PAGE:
Oct 8, 2010

A Visit to Alzheimer’s World

I know how hard it can be to face these negative feelings. And yet, I also know that avoiding them does not make them go away.....


By Donna McCullough

I was so pleased to read Bob’s article about Alzheimer’s world. I think there is a lot of truth and wisdom in what he said and a lot of opportunity for growth for caregivers who decide to venture into this world.


Although intellectually my Mom knew that Pat was diagnosed with Alzheimer’s disease and that he couldn’t remember what happened a minute ago, on an emotional level she had a harder time accepting this reality.

As a psychologist I’ve worked with many people who tend to experience this kind of denial, and I think it can be a way to protect oneself from experiencing painful feelings such as sadness, loss and disappointment. In other words, by not putting yourself into the shoes of the one that you are caring for (that is, by not fully entering Alzheimer’s world) you may avoid some painful feelings.

I know how hard it can be to face these negative feelings. And yet, I also know that avoiding them does not make them go away. It only suppresses them and it will not be long before these feelings rear their ugly head! When you don’t let yourself feel these feelings, their energy stays stuck in your body and your psyche leading to depression, fatigue, stress, burn-out, frustration, over-eating...

Instead, it is possible to feel the feelings and allow them to pass through you. Think of a child who is about 2 or 3 years old crying their heart out over some broken toy, only to be found laughing and playing a moment later having forgotten all about the broken toy.

What happened is that the child let the feelings do their job. Feelings are meant to be experienced and then to pass through us.

Now, obviously the sadness about a loved one experiencing Alzheimer’s disease will not pass after a good cry. However, feeling the sadness and letting it be can help to lighten one’s emotional load – the energy that was used to push the feelings down is now freed up and the caregiver often feels better. There will still be sadness, but it will not be as heavy or as draining as it was before.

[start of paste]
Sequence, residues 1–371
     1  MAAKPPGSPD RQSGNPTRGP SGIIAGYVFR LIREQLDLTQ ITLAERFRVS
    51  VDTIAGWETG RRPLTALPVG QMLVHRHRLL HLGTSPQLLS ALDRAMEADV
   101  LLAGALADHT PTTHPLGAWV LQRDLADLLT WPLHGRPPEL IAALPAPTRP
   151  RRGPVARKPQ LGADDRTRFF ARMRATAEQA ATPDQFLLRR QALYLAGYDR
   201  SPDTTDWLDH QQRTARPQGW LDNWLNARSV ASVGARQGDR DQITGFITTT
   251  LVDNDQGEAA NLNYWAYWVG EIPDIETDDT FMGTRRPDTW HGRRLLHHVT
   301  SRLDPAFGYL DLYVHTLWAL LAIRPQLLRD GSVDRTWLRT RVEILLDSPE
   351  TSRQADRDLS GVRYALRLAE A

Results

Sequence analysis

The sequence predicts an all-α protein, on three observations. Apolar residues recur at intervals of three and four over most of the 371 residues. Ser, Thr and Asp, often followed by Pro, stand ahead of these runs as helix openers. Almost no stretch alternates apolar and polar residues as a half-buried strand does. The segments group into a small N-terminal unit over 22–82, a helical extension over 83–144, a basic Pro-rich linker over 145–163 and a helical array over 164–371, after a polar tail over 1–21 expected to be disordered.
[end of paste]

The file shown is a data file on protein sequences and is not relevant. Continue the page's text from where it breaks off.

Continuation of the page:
So here are a few simple “how to’s.”

Begin by putting your awareness on what you are feeling. Ask yourself if you are sad, tense, frustrated, disappointed…

Notice how the feeling feels in your body. Are your shoulders tight? Is there a pain in your belly? Does your heart ache? Let the tears out if they want to flow. Then (and most importantly) take a deep breath and allow your body to relax. Continue to take deep breaths, breathing into the pain or tightness in your body and then relax on the exhale.

This is a practice that develops over time, but it is well worth the effort. If you feel that you need some support as you allow the feelings to come to the surface by all means reach out to a friend, family member, local support group, a therapist or doctor.

Take good care of yourself and remember that you are your own caregiver, as well as the caregiver of the patient. You deserve to be honored for what you are doing.

Sweet blessings to you!

Donna McCullough, PhD, is a psychologist with a private practice in Laguna Hills, CA and co-founder of Affirmative Therapy Products.

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